Hello Nicole - July 2001

Dear Nicole,

I work in a nursing home and I wonder sometimes how residents who can’t communicate feel when I’m washing or dressing them. Sometimes I know they don’t like it at all but it’s a dilemma because I’m in such a hurry because there are so few of us… not a good excuse I know but that’s
how it goes all too often. And I’m one of the gentle ones… How depressing.

I read your article on pity versus compassion (May 2001 issue of Access Press) and I can only imagine how aggravating it is being condescended to. I would hate to have to rely on someone else for my basic bodily needs. Can you explain how it feels to have various personal cares done for you, like being turned or repositioned? I want to treat residents with compassion, but I admit I feel sorry for them.

Sincerely,

CNA
Dear CNA,

It is an act of compassion even to wonder what you can do to help the residents you work with be more comfortable. Of course, you feel sorry that they have to spend their lives in a nursing home no one would want to live under these conditions. Compassion doesn’t mean that we don’t feel empathy. Compassion means that instead of running away thinking, “I don’t want to deal with this!” (expressing our avoidance/apathy) or “Thank God it’s not me!” (expressing our superiority/condescension) we ask ourselves, “What can I do to help?”(expressing our
care/respect).  And then we do it.

I hope you can realize how important your thoughtfulness is to the people you work with. Even your intention of wanting to help residents be more comfortable is so rare in these types of institutions. It’s natural that, as a compassionate person, you would feel discouraged that you
aren’t able to measure up to the standards of care you wish you could give. Try to be compassionate and forgiving toward yourself. All you can do is your best, knowing the care you give won’t be perfect because you are working within the confines of the terribly uncaring “care”
system our society has set up for it’s devalued populations. With the lack of funding, staffing and subhuman living environment our society chooses to allow for most nursing homes, there is only so much you can do to help. This is not to say that you can’t do anything, or that you shouldn’t be asking yourself if there is any way you could bring even a slight improvement into someone’s life. We should all be asking ourselves this constantly, every day, no matter what type of work we do.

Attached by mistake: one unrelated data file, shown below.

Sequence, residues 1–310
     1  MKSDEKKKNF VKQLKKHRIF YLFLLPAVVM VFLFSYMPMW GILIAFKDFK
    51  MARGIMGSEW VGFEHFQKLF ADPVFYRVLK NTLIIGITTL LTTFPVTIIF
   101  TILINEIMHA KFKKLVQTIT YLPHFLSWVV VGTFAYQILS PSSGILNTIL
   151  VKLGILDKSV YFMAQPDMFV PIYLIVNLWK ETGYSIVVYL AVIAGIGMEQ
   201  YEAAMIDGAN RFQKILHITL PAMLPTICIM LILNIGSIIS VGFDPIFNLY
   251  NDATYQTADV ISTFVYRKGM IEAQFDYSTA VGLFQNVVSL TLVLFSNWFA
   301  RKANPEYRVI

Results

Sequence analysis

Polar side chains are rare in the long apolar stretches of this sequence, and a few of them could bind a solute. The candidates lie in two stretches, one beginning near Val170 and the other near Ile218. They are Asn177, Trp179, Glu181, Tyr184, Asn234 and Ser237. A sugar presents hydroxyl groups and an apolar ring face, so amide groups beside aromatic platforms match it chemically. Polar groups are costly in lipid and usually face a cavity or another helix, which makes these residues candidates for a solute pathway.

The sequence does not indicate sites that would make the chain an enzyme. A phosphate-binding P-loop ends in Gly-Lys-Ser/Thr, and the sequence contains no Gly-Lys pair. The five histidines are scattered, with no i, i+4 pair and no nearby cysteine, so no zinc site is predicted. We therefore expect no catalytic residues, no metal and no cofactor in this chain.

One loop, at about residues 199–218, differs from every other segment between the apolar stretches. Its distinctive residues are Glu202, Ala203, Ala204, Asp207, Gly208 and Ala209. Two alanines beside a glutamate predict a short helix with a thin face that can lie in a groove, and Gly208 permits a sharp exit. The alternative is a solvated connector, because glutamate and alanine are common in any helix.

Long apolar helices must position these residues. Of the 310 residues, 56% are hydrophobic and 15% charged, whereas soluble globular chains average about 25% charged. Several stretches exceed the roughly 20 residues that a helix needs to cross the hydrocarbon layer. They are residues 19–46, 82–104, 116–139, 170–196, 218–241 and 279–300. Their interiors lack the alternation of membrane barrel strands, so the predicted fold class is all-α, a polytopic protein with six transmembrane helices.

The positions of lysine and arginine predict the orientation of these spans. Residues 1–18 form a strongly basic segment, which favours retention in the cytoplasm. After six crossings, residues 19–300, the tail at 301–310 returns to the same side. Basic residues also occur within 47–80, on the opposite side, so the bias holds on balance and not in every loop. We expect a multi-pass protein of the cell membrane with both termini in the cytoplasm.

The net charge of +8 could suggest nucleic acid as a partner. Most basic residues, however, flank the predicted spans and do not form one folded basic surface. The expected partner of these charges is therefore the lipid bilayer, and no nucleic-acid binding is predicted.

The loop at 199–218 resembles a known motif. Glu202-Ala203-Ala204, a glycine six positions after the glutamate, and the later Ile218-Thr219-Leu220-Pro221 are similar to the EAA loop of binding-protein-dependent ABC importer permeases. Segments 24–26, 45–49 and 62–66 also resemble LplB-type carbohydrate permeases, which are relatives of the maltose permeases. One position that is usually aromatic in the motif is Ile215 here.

Being a caregiver is an opportunity to see compassion in very tangible terms. When you are helping a client take a shower, get dressed, transfer or reposition, in essence you are becoming the parts of that person’s body that don’t work independently you are giving yourself over to and becoming that other person. For the moments that you are helping someone you are vital to their lives. The more you can be in touch with the real importance of your job and truly give all your attention to the client you are working with, even if you have to hurry or be rough, that client will know that you care. Talk to your clients, apologize for having to hurry, tell jokes, ask them if you think something you’ve done may have bothered them (even if they can’t answer)   communicate. If possible, take a moment to do a little “extra,” such as opening a window shade or affixing a pin to a woman’s blouse. Anything you can do to let residents know that you regard them as equally valuable human beings will mean so much. A minute of kindness or careful attention can be remembered and cherished for a lifetime. This is not pity not giving to a subhuman creature in an attempt to free yourself from their suffering but compassion: the comradeship and care of one human heart to another, wanting to help.

How I feel having my care done has a lot to do with my caregiver’s attitude toward their work. I expect my caregiver to treat my body with the same respect and concern as they treat their own body. On the other hand, I understand the selflessness I ask of my caregivers and the need to truthfully consider how well I would live up to my standards if the situation were reversed. There is much difficulty inherent in the interdependent client/caregiver relationship, especially in a society where we are taught to take care of ourselves. However, requiring the help of another person need not be a painful or degrading experience, it can be a very rich experience of learning how to be kindness and compassion in action.

— Nicole